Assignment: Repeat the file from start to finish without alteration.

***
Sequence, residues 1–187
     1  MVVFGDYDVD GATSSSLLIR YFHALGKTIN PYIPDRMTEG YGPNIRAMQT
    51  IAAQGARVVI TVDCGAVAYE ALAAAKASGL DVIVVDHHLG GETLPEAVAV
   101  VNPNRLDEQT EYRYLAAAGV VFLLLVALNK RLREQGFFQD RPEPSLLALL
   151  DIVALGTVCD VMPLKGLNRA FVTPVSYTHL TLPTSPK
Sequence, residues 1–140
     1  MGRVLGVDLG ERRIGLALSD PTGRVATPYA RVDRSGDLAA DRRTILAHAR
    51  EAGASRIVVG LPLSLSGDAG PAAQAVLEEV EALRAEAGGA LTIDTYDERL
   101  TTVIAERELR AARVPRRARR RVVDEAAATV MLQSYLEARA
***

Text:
Sequence, residues 1–187
     1  MVVFGDYDVD GATSSSLLIR YFHALGKTIN PYIPDRMTEG YGPNIRAMQT
    51  IAAQGARVVI TVDCGAVAYE ALAAAKASGL DVIVVDHHLG GETLPEAVAV
   101  VNPNRLDEQT EYRYLAAAGV VFLLLVALNK RLREQGFFQD RPEPSLLALL
   151  DIVALGTVCD VMPLKGLNRA FVTPVSYTHL TLPTSPK
Sequence, residues 1–140
     1  MGRVLGVDLG ERRIGLALSD PTGRVATPYA RVDRSGDLAA DRRTILAHAR
    51  EAGASRIVVG LPLSLSGDAG PAAQAVLEEV EALRAEAGGA LTIDTYDERL
   101  TTVIAERELR AARVPRRARR RVVDEAAATV MLQSYLEARA